So if you’re only comfortable with dipping your toes at the beginning…so be it. 

As time goes by, you will be able to put in your knees, thighs, until you put your entire body. 

It’s important to always remain comfortable with what you do. 

The last time I dipped, I decided to stay 5 seconds in the water. It was a…5X improvement. 

I also noticed that the feeling I got the first one putting my legs only would not reappear. If I hoped to feel relaxed, I had to progress in my cold immersion. 

Furthermore, the more I dip, and the longer I stay, the better I feel. 

So you are naturally encouraged to progress.

Why Would You Torture Yourself Like That?

It’s a legitimate question I was asking myself on the pontoon. 

Besides the high-like feeling you get at the end, cold exposure has many benefits. 

The first one is that it makes you happy. 

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It’s difficult not to smile after going into freezing water. Photo by the author. 

In his famous Ted Talk, the cold suffer Chris Burkard explained that his friends told him he was constantly smiling when being cold. 

In fact, cold water therapy has been used to treat depression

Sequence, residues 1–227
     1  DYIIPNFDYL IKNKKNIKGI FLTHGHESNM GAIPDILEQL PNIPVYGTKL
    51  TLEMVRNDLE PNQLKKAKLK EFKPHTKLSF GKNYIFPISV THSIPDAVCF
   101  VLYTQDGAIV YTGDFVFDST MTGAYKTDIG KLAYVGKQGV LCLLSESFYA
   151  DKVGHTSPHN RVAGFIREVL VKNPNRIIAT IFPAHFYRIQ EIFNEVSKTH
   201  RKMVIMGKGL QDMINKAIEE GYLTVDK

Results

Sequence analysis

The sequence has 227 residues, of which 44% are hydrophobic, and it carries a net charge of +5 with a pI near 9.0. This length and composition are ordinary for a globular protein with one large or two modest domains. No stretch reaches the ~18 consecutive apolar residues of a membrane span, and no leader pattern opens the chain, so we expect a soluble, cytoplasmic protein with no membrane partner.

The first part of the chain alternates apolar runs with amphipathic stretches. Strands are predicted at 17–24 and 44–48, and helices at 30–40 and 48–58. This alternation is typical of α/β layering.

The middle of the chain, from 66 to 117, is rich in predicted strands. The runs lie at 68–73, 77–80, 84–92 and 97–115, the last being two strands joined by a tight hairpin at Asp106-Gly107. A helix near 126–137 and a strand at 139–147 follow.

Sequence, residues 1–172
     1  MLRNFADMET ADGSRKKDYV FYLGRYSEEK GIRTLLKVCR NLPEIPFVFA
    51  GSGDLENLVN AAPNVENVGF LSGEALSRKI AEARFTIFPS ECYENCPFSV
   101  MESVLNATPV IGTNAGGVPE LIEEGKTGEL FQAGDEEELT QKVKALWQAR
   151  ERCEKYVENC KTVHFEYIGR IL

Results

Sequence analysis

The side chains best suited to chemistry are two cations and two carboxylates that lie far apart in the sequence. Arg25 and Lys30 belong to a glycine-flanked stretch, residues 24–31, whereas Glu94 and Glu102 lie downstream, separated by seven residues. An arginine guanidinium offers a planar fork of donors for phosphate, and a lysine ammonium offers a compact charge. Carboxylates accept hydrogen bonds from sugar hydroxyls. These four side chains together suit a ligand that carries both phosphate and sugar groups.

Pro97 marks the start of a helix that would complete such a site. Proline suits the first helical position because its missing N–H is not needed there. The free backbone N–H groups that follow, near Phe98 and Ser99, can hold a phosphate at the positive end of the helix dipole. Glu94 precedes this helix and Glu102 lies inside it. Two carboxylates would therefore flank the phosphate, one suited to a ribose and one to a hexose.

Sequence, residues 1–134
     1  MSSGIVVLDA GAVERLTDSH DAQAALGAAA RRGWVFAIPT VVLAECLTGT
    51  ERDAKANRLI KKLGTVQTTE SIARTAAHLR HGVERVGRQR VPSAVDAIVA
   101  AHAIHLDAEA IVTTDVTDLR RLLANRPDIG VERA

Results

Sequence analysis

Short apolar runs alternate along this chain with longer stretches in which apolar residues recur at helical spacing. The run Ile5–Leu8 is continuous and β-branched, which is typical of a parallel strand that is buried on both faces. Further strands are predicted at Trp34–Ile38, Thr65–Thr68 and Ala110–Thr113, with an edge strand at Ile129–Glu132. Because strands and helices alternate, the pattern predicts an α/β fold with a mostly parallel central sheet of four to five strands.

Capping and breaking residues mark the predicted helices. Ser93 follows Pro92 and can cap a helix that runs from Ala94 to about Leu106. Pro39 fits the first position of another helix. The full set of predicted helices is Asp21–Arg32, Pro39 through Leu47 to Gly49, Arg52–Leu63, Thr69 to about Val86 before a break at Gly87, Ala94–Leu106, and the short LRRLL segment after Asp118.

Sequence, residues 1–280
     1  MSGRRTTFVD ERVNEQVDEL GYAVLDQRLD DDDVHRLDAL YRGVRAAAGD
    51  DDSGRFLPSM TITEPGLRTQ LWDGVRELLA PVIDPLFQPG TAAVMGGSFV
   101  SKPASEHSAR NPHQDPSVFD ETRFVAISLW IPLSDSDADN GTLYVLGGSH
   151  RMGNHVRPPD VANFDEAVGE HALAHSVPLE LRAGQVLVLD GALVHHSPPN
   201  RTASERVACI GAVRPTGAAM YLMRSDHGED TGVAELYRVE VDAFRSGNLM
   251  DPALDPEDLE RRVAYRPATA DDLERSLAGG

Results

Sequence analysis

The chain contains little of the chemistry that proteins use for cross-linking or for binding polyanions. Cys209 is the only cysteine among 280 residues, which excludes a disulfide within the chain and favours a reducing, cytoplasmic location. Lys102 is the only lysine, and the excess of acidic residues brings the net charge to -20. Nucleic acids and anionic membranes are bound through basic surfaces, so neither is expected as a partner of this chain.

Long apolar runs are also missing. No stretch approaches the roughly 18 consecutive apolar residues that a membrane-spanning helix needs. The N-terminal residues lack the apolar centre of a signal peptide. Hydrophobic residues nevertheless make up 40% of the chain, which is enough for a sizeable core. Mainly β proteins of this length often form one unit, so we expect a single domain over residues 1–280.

It’s difficult to understand how in hell this thing could work out, but I swear you need to try to feel it. 

According to Healthline, cold water can further:

  • cut down soreness 
  • help your immune system 
  • boost your metabolism

It may as well:

  • reduce inflammation
  • improve sleep
  • help with focus

This would make sense, as our cavemen ancestors did not have access to hot water. In a way, cold water is another “natural thing” we stopped getting benefits of with the development of society. 

In fact, regular cold water swimmers have been found to have in their brain a “cold water protein” that may protect against dementia. 

Convinced yet?


This whole cold water thing was completely random — and a happy discovery! 

If my friends had not invited me, I would have never gone. 

I am now addicted to it and it’s become a Sunday routine of mine. In fact, I often can’t wait to go back!

I should also specify that as someone who doesn’t smoke, doesn’t eat sugar, and rarely drink, cold water immersion is one of the ways I “get high”. 

And it’s likely one of the healthiest ways to do so!